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Platform International Animation Festival: Toonzone Interviews Katsuhiro Otomo on His New Short Hi-No-Yojin: Combustible

Katsuhiro Otomo debuted as a manga writer/artist in 1973 and is known for such works as Domu and Akira. Otomo directed the animated adaptation of Akira in 1988, which went on to become highly influential in the world of animation. Otomo also directed 2004’s Steamboy; his most recent work is a short film “Combustible (Hi-No-Yojin).”

Otomo was presented with a Lifetime Achievement Award at Platform International Animation Festival in Los Angeles. Toonzone News was able to sit down with him for an interview. Thanks to Yasuhiro Nishimura for providing translation.

TOONZONE NEWS: How does it feel winning a lifetime achievement award?

KATSUHIRO OTOMO: I was very honored to receive the award.

TOONZONE NEWS: Looking back on your career, what are you most proud of?

KATSUHIRO OTOMO: Every time I complete a project, I feel proud of myself.

TOONZONE NEWS: Did you ever imagine your work would be so influential and so known throughout the world?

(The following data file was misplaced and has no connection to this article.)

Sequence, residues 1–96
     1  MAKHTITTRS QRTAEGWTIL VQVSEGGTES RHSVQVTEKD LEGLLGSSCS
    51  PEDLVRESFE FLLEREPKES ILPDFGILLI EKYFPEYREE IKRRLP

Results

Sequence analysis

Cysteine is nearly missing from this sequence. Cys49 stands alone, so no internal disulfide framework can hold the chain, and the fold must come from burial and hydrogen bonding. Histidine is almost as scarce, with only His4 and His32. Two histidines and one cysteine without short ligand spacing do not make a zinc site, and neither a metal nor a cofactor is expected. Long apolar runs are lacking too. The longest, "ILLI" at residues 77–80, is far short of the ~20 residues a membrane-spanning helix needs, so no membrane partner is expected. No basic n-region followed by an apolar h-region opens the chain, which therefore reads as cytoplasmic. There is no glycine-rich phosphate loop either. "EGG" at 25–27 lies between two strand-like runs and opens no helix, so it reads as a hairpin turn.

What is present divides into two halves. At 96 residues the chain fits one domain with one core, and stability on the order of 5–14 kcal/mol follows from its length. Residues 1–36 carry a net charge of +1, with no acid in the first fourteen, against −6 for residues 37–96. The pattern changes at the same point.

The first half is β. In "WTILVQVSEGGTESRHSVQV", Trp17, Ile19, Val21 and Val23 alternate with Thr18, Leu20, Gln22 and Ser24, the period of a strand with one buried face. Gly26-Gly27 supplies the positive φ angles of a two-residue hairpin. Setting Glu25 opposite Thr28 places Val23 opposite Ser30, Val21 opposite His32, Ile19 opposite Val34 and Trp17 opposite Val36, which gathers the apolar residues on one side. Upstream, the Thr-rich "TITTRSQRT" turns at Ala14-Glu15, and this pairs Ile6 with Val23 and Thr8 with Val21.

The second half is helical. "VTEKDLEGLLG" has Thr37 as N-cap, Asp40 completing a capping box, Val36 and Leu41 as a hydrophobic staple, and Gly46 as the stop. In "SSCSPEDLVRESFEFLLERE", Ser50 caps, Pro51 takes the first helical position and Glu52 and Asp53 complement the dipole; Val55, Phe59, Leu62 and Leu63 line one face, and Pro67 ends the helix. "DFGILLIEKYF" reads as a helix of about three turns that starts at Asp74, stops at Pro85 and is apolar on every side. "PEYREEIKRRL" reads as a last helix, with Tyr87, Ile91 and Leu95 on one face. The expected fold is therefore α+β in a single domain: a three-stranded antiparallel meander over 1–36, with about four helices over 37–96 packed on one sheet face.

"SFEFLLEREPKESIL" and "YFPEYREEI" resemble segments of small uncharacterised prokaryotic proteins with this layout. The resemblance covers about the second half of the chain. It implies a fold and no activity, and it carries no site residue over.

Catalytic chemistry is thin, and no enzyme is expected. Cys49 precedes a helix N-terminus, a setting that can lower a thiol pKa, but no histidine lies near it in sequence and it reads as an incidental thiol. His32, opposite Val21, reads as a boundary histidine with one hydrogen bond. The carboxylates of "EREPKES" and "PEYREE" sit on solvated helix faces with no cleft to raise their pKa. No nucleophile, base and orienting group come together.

KATSUHIRO OTOMO: No, I never imagined.

TOONZONE NEWS: How did you first get interested in art and manga?

KATSUHIRO OTOMO: Childhood. When I was a kid, manga was getting popular in Japan, and I was reading manga and watching the TV animation as well. From the very beginning, it was TV. I got a lot of influence from being exposed to manga and anime.

TOONZONE NEWS: What were some of your favorites growing up?

KATSUHIRO OTOMO: Old ones from Mr. Tezuka. And they had lots more things that I could talk to everyone about. Maybe no one knows, it’s too old.

TOONZONE NEWS: How would you say your style of art has changed over the years since you first began working?

KATSUHIRO OTOMO: Changing style a lot by people who influence me. For example, I love Osamu Tezuka, so I tried to imitate his style. Then there was additional influence from some of the other artists in the Japanese style. I’m still changing.

TOONZONE NEWS: You’ve worked in several adaptations, translating manga to animation, including adapting your own work. What are some of the challenges in that?

KATSUHIRO OTOMO: I wanted to do both and was lucky there was the chance to do it. It was a challenge in both.

TOONZONE NEWS: Is there a medium you prefer to work in?

KATSUHIRO OTOMO: I like both.

TOONZONE NEWS: What was the inspiration for “Combustible?”

KATSUHIRO OTOMO: It comes from the old story back in 300 years ago in Japan, the main event of this film comes from the Meireki story most people in Japan know. I wanted to bring that context to nowadays with the technology.

TOONZONE NEWS: What made you decide to do it in a 15 minute short?

KATSUHIRO OTOMO: Because I was asked.

TOONZONE NEWS: Do you ever see “Combustible” being adapted into something else?

KATSUHIRO OTOMO: This is it.

TOONZONE NEWS: Could you talk about the style of making “Combustible?” It looks like a handscroll painting come to life.